First Nations to blockade railways on Manitoba reserves - June 14, 2006
First Nations leaders in Manitoba are planning to blockade rail lines this summer to pressure the federal government to settle outstanding land claims.
During a general assembly of the Assembly of Manitoba Chiefs, 50 representatives of First Nations voted unanimously in favour of blocking rail traffic on reserves this summer, executive director Lorne Cochrane told CBC Manitoba's Radio Noon on Wednesday.
The bands involved plan to block the rail lines for 24 hours later in June.
At least seven of the province's 64 reserves have expressed interest in taking part in the protest, although details on which bands or rail lines will be involved have not yet been finalized, Cochrane said.
The group has not discussed their plans with the rail companies, but said they expected to give advance notice of their final strategies.
"We're not out to put anybody's lives in danger or to jeopardize anything that's going to hurt any one individual, or organization or First Nation," Cochrane said.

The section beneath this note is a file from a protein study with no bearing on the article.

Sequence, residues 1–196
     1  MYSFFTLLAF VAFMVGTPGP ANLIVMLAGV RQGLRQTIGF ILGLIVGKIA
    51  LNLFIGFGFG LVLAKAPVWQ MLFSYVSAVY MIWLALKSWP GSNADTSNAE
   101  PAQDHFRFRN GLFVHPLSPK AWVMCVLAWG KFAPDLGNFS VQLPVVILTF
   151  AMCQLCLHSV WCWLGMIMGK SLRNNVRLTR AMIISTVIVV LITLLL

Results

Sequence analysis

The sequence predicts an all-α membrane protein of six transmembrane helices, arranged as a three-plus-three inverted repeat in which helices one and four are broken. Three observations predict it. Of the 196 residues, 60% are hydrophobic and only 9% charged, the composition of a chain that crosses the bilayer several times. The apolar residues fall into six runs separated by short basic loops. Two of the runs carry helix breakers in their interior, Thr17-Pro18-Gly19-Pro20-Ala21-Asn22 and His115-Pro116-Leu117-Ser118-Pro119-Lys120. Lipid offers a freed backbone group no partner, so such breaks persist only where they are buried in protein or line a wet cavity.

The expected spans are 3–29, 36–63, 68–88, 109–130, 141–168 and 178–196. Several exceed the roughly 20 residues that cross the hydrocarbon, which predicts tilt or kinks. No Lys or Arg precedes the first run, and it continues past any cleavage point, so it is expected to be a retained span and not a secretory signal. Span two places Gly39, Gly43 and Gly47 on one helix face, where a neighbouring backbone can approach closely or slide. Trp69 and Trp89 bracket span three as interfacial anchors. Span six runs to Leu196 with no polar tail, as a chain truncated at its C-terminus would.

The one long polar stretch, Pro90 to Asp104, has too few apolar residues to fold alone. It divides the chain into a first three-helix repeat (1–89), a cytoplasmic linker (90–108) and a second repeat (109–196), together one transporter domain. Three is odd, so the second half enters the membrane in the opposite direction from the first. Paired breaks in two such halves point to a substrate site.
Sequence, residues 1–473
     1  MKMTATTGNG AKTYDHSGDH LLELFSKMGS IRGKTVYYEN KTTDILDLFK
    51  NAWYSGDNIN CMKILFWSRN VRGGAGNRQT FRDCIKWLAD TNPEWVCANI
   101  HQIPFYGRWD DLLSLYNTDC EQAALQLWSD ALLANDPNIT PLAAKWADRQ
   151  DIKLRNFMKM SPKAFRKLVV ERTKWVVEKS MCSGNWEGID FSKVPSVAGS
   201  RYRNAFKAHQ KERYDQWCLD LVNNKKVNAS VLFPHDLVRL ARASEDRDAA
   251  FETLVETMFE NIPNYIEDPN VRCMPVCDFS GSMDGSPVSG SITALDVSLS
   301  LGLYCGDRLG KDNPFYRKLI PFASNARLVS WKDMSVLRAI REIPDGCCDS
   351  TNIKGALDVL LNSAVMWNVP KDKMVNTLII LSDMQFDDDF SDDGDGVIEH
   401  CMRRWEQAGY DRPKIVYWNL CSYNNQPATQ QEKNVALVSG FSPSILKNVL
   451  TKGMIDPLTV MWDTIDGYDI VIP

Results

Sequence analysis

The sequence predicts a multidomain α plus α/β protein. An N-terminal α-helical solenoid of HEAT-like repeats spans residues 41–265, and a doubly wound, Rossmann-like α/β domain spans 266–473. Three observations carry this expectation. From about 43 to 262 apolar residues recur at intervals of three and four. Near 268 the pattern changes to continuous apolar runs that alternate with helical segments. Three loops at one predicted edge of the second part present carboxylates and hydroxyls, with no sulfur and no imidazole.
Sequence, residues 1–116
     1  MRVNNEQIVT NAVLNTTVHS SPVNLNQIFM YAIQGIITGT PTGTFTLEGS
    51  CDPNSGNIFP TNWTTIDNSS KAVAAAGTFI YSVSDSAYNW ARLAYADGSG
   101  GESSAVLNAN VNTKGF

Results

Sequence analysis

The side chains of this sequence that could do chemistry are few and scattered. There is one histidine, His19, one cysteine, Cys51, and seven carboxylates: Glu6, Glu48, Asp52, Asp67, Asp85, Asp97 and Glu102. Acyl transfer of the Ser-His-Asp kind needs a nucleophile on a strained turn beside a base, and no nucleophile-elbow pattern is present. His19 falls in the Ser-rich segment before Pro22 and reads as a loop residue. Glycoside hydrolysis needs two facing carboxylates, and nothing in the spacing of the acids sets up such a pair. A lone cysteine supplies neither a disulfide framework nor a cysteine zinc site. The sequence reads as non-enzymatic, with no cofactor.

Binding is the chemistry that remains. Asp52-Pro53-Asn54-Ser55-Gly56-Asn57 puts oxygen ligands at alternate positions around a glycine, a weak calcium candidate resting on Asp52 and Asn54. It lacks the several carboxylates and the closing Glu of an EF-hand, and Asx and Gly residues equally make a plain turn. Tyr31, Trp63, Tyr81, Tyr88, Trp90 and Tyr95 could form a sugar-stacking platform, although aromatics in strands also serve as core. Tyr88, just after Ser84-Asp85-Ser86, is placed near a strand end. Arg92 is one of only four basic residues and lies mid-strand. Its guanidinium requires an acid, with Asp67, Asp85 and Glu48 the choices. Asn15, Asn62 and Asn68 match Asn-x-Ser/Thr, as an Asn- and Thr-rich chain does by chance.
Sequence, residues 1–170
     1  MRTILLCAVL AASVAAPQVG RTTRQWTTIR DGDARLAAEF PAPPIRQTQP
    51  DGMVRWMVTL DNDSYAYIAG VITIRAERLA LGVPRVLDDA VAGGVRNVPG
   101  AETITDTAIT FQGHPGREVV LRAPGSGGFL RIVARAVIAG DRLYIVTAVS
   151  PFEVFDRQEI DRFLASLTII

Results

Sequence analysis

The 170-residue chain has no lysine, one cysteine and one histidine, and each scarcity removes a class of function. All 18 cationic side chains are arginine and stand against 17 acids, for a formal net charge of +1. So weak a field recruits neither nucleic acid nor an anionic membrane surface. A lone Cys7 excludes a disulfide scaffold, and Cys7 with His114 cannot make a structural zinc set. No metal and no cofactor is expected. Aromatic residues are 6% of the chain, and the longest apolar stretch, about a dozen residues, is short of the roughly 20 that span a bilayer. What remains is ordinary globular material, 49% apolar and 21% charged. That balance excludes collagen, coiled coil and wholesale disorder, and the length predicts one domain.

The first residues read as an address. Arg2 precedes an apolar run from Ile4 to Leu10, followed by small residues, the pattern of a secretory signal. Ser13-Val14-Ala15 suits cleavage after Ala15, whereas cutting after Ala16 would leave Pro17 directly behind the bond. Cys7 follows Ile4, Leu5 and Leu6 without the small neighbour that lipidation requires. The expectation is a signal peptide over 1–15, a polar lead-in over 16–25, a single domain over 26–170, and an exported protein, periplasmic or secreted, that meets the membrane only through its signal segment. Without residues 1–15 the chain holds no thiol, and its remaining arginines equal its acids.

First Nations need 'a seat at the table'
He acknowledged the rail companies do not have the power to deal with land claims, but said the proposed protest is also seen as an opportunity to inform the public.
"Our objective is to inform the general public of the First Nations issues and that we want to become meaningful partners in developing this province, this country. We're tired of being left out," he said.
Cochrane said poverty and a lack of economic opportunities have held back aboriginal people, adding that they want "a seat at the table" to determine their own futures.
"It gives Canada an opportunity to come forth with a plan of action on how we move forward in addressing the concerns of First Nations," he said.
The assembly did not say whether the proposed blockade had anything to do with the uncertain status of the Kelowna agreement.
Former prime minister Paul Martin agreed to the five-year, $5-billion plan to improve health, education, housing and economic development for aboriginals three days before his minority Liberal government fell in November 2005.
Prime Minister Stephen Harper didn't mention the agreement in his May 2 budget. He has said his Conservative government "supports the principles and objectives" of the Kelowna agreement, but won't be bound by the price tag negotiated by the Liberals.